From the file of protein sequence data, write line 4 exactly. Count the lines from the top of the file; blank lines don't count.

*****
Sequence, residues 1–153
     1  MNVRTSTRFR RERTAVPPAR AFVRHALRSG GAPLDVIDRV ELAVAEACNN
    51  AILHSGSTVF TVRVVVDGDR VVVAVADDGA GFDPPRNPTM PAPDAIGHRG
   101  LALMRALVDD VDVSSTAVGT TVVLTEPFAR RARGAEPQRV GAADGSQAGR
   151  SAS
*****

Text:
   101  LALMRALVDD VDVSSTAVGT TVVLTEPFAR RARGAEPQRV GAADGSQAGR